3. Governance factors relate to whether a company manages its business in a responsible way. This takes into account the ethical requirements of being a good corporate citizen, such as anti-corruption policies and tax transparency, as well as traditional corporate governances concerns such as managing conflicts of interest, board diversity and independence, quality of financial disclosures and whether minority shareholders are treated fairly by controlling shareholders.

A brief history of ESG

 

The ideas that underpin ESG investing go back a long way. Leading thinkers and economists have warned of the dangers of environmental damage or the social ills caused by certain products or business practices for many centuries, including the theologian John Wesley (The Use of Money, 1744) and the economist Adam Smith (The Wealth of Nations, 1776). 

 

The first investment vehicle that explicitly identified itself as a “responsible” investor was the US Pioneer Fund, which launched in 1928. This avoided investing in sectors such as alcohol and tobacco. Public discussion about the damage that unchecked economic growth was causing through pollution and environmental degradation began to grow substantially in the 1960s, 1970s and 1980s. 

 

In particular, the foundation of the interdisciplinary Club of Rome network in 1968 and its inaugural report (The Limits to Growth, 1972) attracted considerable public attention. This was a key step in changing the paradigm of how our economic activities interact with the natural world.

 

By the 1990s, the idea that companies, organisations and investors should be taking account of environmental and social costs became more widely recognised, with the arrival of the first “socially responsible” stock index, the Domini 400 Social index, and the “triple bottom line” (also known as TBL and 3BL) or “people, planet, profits” accounting framework, under which organisations began to take account of their social and environmental performance in addition to their financial results.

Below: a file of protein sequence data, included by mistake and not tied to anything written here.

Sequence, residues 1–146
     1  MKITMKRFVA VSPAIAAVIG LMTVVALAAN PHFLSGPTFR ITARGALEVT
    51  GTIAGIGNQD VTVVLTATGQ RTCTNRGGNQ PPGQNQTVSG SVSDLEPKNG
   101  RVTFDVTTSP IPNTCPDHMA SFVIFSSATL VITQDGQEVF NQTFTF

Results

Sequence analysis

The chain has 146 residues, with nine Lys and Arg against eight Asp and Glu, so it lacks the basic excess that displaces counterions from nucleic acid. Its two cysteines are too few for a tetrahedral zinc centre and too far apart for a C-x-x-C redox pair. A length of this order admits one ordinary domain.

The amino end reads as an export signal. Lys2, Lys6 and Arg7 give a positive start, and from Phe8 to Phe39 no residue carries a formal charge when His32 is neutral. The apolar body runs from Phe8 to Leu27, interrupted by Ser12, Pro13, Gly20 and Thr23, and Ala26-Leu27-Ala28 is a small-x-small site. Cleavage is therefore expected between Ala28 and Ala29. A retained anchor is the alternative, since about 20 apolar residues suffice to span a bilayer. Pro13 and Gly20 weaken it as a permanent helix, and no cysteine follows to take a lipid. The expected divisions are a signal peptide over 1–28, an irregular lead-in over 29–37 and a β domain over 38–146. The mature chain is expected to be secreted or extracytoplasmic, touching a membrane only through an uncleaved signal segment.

ESG: a new abbreviation for a new century

 

The formal representation of these issues under the ESG definition began in 2004, when the abbreviation was first used in a report by the United Nations (UN) Environment Programme Finance Initiative (Who Cares Wins, 2004). 

 

Just two years later, the UN launched its “Principles for Responsible Investment”, a framework for incorporating ESG issues into investment. This began with 63 signatories overseeing $6.5 trillion in assets, and had grown to more than 3,000 signatories with more than $100 trillion in assets by 2020.

  

Multinational support for ESG objectives then took a major step forward in 2015, when the 193 countries of the UN General Assembly adopted the UN Sustainable Development Goals (SDGs). These set out 17 interlinked global goals intended to set the world on a path towards a more sustainable and equal future.

 

The SDGs cover a wide range of ESG factors, including the environment (such as tackling climate change and reducing waste), social progress (such as education, health and gender equality) and robust governance (such as developing justice and strong institutions). 

 

Achieving the SDGs could potentially create opportunities worth an estimated $12 trillion by 2030, according to the Business and Sustainable Development Commission.

 

 

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ESG history